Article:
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Fraser Smith's Essay: January 10, 2013
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January 10, 2013
Maryland lost two remarkable characters in recent days. WYPR’s Senior News Analyst Fraser Smith comments in his weekly essay.
He called himself the Lion of Halethorpe. Senator John Coolahan, who died recently, represented a neighborhood of that name on the west side of Baltimore County. He was a big man with a big voice, a shock of golden blond hair and a keen sense of responsibility to the taxpayer.
One of his favorite Annapolis pastimes was baiting William Donald Schafer when Schaefer was mayor of Baltimore. The mayor would come down to testify on yet another urgently needed city project. Coolahan would be waiting. The rest of the state was enraptured by Baltimore’s Renaissance Mayor. Coolahan? Not so much. He called Schaefer “Willy Don the Con.” Schaefer would storm out of the committee hearing room.
It was something of a show. Schaefer usually got what he wanted. He knew passing through the Coolahan gauntlet was the price of success. As governor, he made Coolahan a judge. Some wondered if he just wanted Coolahan out of the way. But Schaefer fretted about these appointments, so it’s unlikely he would have promoted someone incompetent.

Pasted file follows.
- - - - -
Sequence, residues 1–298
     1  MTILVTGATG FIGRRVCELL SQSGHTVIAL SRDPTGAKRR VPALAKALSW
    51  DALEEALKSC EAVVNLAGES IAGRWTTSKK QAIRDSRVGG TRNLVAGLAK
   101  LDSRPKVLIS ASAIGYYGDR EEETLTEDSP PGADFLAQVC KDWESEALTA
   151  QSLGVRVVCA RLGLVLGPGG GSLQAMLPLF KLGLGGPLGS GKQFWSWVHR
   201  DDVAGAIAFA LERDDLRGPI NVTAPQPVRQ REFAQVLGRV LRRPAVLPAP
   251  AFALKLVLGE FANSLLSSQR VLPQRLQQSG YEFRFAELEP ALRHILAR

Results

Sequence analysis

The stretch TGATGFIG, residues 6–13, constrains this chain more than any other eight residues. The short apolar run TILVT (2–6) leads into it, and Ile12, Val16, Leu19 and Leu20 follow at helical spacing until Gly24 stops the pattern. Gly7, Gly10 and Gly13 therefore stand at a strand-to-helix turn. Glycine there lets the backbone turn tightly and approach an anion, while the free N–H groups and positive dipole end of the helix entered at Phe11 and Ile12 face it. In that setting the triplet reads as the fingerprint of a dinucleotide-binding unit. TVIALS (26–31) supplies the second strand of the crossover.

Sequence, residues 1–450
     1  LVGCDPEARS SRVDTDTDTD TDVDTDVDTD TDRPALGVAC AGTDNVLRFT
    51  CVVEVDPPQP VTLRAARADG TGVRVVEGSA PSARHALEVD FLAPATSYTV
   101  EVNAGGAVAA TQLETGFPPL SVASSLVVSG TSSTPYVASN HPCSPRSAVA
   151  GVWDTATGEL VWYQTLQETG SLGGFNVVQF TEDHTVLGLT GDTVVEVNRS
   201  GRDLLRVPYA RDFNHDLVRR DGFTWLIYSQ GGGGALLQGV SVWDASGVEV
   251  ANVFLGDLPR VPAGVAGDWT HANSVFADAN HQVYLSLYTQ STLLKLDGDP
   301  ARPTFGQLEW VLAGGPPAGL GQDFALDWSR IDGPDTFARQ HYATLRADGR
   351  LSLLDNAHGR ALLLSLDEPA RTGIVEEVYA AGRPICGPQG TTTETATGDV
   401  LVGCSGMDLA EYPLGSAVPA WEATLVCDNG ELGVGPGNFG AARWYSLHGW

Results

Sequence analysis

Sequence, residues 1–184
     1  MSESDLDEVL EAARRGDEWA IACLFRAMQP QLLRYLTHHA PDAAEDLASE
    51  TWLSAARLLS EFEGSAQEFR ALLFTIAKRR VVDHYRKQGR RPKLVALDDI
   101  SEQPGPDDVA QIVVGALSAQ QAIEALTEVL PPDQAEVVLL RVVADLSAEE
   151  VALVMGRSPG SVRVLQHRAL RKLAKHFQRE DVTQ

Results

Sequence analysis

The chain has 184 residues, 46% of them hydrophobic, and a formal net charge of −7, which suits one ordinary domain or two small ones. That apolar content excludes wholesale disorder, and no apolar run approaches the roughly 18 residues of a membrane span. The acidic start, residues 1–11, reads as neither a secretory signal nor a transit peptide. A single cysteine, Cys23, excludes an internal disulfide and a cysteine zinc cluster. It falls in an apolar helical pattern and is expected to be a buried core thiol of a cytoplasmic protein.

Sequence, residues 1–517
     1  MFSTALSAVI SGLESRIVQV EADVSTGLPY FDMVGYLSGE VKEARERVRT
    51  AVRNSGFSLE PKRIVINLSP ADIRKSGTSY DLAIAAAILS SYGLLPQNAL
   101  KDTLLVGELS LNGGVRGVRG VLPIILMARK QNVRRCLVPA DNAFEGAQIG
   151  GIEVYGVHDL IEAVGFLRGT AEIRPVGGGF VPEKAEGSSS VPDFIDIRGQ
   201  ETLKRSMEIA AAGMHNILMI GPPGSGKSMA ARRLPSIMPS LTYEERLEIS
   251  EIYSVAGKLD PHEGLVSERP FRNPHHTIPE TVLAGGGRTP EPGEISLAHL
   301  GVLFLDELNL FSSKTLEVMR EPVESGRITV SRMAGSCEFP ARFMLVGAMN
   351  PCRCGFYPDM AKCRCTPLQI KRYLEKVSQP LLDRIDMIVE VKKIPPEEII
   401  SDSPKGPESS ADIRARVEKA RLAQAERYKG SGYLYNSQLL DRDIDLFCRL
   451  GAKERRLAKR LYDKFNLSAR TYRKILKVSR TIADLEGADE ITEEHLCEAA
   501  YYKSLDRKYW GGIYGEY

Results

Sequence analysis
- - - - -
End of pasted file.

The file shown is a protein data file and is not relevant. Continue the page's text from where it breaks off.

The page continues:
The State House process and its colorful cast were well known to Richard Ben Cramer, the former Sun reporter and writer who died Monday. He was there in the 1970s with Coolahan. In his way, Cramer was as much a character as Schaefer and the senator. He had a kind of rollicking appreciation of the political class, a real interest in the lives he chronicled. He had no fear of getting too close to those he covered. He was afraid of not getting close enough.
He knew the story of Schaefer’s rise to prominence – and how much that rise was owed to the many tough-minded women on his staff in city hall. In an Esquire Magazine article, Cramer called them the “all-girl Gestapo.”
He reveled in that kind of slightly wicked line. Editors and subjects alike might have found him a little undisciplined. Soon, though, they saw he was after the essence of the people, places and issues he wrote about.
Coolahan and Cramer. Kindred spirits.
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